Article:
A payload 314 includes a handshake identifier (ID) field 292 and a SNAP token response field 316. A SNAP token response field 316 includes at least one of processed authenticating data and an authorization status. Processed authenticating data includes at least one of a field type indicator and one or more results of processing the authenticating data of a corresponding DSN authentication request frame in accordance with authentication mechanisms referenced by the DSN authentication request from.

In an example of operation a second device receives the DSN authentication request frame and processes authenticating data of the DSN authentication request frame in accordance with a valid authenticating process referenced by an authentication code of the DSN authentication request frame to produce the DSN authentication response frame. The second device transmits the DSN authentication response frame to a first device. Alternatively, the second device transmits a DSN response message indicating that the device does not include the valid authentication process and receives a second DSN authentication request frame that includes the authenticating data and a second authenticating code when the second device does not include the valid authentication process. Alternatively, the second device transmits a request for the valid authentication process and receives a subsequent response message that includes the valid authentication process when the second device does not include the valid authentication process.

FIG. 16B is a flowchart illustrating another example of authenticating a device of a dispersed storage network (DSN). The method begins with step 318 where a processing module receives a DSN authentication request frame that includes authenticating data and an authenticating code, wherein the authenticating code references a valid authenticating process. The method continues at step 320 where the processing module determines whether the device includes the valid authentication process referenced by the authentication code. A determination may be based on one or more of a memory scan, a table lookup, the query, and a message. The method branches to step 326 when the processing module determines that the device does not include the valid authentication process. The method continues to step 322 when the processing module determines that the device includes the valid authentication process.

The method continues at step 322 where the processing module processes the authenticating data in accordance with the valid authentication process to produce processed authenticating data. For example, the processing module performs a hashing function on the authenticating data to produce the processed authenticating data, wherein the hashing function is referenced by the authentication code. The method continues at step 324 where the processing module generates a DSN authentication response frame that includes the processed authenticating data in accordance with a storage network authentication protocol response message format. At step 324, the processing module transmits the DSN authentication response frame (e.g., to a requesting entity associated with the DSN authentication request frame).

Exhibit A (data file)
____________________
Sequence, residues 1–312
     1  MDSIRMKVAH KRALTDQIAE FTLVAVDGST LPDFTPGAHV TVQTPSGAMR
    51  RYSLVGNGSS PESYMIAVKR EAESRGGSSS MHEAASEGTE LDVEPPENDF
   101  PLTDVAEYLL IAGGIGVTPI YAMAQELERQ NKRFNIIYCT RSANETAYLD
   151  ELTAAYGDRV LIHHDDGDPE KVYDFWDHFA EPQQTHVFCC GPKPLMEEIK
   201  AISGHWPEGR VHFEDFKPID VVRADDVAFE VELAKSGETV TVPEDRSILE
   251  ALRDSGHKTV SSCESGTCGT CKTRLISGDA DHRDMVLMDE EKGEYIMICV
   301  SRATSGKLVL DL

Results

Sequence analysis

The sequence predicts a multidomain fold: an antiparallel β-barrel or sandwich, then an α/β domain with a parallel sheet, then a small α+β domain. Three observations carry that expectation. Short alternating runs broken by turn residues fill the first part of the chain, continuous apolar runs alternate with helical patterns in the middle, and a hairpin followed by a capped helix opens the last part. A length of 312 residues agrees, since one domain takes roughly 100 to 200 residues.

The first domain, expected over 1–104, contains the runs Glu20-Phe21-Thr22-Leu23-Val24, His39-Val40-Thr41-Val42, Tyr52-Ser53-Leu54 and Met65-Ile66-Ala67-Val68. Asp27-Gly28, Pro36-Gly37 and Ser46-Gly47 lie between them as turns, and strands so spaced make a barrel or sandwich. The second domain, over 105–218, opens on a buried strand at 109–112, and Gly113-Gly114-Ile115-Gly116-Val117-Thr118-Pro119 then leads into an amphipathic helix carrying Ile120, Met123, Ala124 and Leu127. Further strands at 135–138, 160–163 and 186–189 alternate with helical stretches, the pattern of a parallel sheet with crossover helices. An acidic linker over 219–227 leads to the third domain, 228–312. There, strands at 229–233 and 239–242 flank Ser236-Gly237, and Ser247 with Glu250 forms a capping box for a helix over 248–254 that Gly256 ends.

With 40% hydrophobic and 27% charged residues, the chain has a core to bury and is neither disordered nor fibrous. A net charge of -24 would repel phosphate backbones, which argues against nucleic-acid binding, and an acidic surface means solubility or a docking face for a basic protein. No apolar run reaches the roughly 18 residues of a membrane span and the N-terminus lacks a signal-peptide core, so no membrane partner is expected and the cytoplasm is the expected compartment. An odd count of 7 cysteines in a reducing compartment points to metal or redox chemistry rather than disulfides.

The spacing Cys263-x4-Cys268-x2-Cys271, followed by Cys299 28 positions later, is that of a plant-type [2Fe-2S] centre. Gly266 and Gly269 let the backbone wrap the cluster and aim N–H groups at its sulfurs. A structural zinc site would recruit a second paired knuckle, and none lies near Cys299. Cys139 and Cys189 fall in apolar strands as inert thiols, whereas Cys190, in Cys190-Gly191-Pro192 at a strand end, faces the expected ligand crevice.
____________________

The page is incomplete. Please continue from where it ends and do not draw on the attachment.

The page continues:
The method continues at step 326 where the processing module transmits at least one of a DSN response message indicating that the device does not include the valid authentication process and a request for the valid authentication process (e.g., to a DSN manager) when the device does not include the valid authentication process. The method continues at step 328 where the processing module receives at least one of a second DSN authentication request frame that includes the authenticating data and a second authenticating code, a response message that includes the valid authentication process, and a subsequent response message that includes the valid authentication process, wherein the second authenticating code references a second valid authenticating process. The processing module may save the second valid authentication process and associated second authenticating code to facilitate subsequent utilization of the second valid authentication process one the second authenticating code is received in another DSN authentication request from.